Release on 2020-06-27 | by Walter Leal Filho,Anabela Marisa Azul,Luciana Brandli,Pinar Gökcin Özuyar,Tony Wall
Author: Walter Leal Filho,Anabela Marisa Azul,Luciana Brandli,Pinar Gökcin Özuyar,Tony Wall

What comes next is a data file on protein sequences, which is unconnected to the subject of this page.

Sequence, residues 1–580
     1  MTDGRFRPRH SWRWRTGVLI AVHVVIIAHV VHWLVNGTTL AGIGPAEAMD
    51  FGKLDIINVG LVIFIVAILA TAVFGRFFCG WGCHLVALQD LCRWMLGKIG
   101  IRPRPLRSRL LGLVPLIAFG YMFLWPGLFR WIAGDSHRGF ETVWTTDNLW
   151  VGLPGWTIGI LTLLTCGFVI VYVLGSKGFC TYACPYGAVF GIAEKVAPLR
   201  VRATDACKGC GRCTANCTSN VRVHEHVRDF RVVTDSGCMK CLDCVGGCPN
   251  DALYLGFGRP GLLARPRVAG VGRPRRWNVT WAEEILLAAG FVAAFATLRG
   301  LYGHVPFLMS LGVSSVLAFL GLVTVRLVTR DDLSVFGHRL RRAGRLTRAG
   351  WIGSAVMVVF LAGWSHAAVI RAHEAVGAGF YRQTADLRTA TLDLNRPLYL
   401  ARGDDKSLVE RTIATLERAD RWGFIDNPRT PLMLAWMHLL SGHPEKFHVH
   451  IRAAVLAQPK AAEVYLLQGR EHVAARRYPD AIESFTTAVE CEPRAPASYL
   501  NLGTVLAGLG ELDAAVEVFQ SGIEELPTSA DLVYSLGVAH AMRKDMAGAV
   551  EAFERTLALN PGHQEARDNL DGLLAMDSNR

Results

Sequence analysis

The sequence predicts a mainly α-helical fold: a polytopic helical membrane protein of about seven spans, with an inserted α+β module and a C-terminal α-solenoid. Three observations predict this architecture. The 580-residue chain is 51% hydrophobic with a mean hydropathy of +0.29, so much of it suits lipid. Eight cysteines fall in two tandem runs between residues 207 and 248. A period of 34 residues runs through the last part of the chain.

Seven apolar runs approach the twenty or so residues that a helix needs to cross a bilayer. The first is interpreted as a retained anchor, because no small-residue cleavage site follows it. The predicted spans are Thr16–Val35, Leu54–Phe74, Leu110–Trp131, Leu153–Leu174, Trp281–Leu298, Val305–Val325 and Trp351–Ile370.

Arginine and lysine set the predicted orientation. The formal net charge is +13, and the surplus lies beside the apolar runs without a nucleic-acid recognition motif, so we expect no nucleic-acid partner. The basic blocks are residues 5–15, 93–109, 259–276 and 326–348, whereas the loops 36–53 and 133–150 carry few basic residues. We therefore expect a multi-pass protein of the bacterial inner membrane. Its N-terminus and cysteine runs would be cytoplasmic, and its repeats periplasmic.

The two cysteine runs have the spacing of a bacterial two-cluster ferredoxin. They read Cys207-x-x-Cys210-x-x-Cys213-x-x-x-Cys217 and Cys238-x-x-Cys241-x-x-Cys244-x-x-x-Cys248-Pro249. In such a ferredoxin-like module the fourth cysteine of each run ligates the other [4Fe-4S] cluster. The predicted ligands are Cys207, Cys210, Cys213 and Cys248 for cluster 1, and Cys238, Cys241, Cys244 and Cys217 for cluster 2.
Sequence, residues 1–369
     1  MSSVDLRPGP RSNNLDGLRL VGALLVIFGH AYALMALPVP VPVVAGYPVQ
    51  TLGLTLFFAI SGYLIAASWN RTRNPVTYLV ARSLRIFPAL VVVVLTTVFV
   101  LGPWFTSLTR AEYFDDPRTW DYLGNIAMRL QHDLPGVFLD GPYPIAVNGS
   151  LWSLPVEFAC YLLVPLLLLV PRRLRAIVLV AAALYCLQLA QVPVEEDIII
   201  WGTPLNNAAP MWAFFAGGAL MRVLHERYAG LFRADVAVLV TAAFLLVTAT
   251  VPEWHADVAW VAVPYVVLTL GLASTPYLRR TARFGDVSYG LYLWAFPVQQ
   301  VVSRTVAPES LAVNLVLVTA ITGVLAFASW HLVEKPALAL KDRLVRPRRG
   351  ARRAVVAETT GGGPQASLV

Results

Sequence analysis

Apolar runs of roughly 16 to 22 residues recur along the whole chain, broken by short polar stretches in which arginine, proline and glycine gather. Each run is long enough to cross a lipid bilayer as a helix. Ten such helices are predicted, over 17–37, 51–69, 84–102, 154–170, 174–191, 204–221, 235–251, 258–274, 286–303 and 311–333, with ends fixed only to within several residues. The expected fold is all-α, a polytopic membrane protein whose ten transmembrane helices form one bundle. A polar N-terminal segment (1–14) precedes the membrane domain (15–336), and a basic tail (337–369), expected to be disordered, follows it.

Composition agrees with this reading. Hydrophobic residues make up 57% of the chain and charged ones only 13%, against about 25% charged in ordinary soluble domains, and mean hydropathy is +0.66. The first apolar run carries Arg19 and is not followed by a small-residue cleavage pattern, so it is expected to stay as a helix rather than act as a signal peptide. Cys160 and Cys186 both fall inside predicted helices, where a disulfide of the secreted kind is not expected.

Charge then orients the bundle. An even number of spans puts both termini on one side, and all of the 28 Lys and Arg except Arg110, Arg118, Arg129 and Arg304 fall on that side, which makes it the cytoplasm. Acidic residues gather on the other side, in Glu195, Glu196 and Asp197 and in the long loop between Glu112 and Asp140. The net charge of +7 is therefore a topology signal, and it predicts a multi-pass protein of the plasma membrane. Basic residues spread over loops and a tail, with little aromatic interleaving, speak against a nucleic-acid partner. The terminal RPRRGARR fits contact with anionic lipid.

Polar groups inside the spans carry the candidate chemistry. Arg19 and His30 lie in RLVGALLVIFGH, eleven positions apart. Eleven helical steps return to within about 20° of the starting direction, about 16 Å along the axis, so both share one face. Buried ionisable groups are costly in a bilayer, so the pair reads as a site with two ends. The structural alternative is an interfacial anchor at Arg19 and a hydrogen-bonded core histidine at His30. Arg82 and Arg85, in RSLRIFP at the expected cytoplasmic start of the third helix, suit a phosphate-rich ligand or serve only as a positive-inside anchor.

The problems related to the process of industrialisation such as biodiversity depletion, climate change and a worsening of health and living conditions, especially but not only in developing countries, intensify. Therefore, there is an increasing need to search for integrated solutions to make development more sustainable. The United Nations has acknowledged the problem and approved the “2030 Agenda for Sustainable Development”. On 1st January 2016, the 17 Sustainable Development Goals (SDGs) of the Agenda officially came into force. These goals cover the three dimensions of sustainable development: economic growth, social inclusion and environmental protection. The Encyclopedia of the UN Sustainable Development Goals comprehensively addresses the SDGs in an integrated way. It encompasses 17 volumes, each one devoted to one of the 17 SDGs. This volume addresses SDG 15, namely "Protect, restore and promote sustainable use of terrestrial ecosystems, sustainably manage forests, combat desertification, and halt and reverse land degradation and halt biodiversity loss" and contains the description of a range of terms, which allow a better understanding and foster knowledge. Concretely, the defined targets are: Ensure the conservation, restoration and sustainable use of terrestrial and inland freshwater ecosystems and their services, in particular forests, wetlands, mountains and drylands, in line with obligations under international agreements Promote the implementation of sustainable management of all types of forests, halt deforestation, restore degraded forests and substantially increase afforestation and reforestation globally Combat desertification, restore degraded land and soil, including land affected by desertification, drought and floods, and strive to achieve a land degradation-neutral world Ensure the conservation of mountain ecosystems, including their biodiversity, in order to enhance their capacity to provide benefits that are essential for sustainable development Take urgent and significant action to reduce the degradation of natural habitats, halt the loss of biodiversity and protect and prevent the extinction of threatened species Promote fair and equitable sharing of the benefits arising from the utilization of genetic resources and promote appropriate access to such resources, as internationally agreed Take urgent action to end poaching and trafficking of protected species of flora and fauna and address both demand and supply of illegal wildlife products Introduce measures to prevent the introduction and significantly Reduce the impact of invasive alien species on land and water ecosystems and control or eradicate the priority species Integrate ecosystem and biodiversity values into national and local planning, development processes, poverty reduction strategies and accounts Mobilize and significantly increase financial resources from all sources to conserve and sustainably use biodiversity and ecosystems Mobilize significant resources from all sources and at all levels to finance sustainable forest management and provide adequate incentives to developing countries to advance such management, including for conservation and reforestation Enhance global support for efforts to combat poaching and trafficking of protected species, including by increasing the capacity of local communities to pursue sustainable livelihood opportunities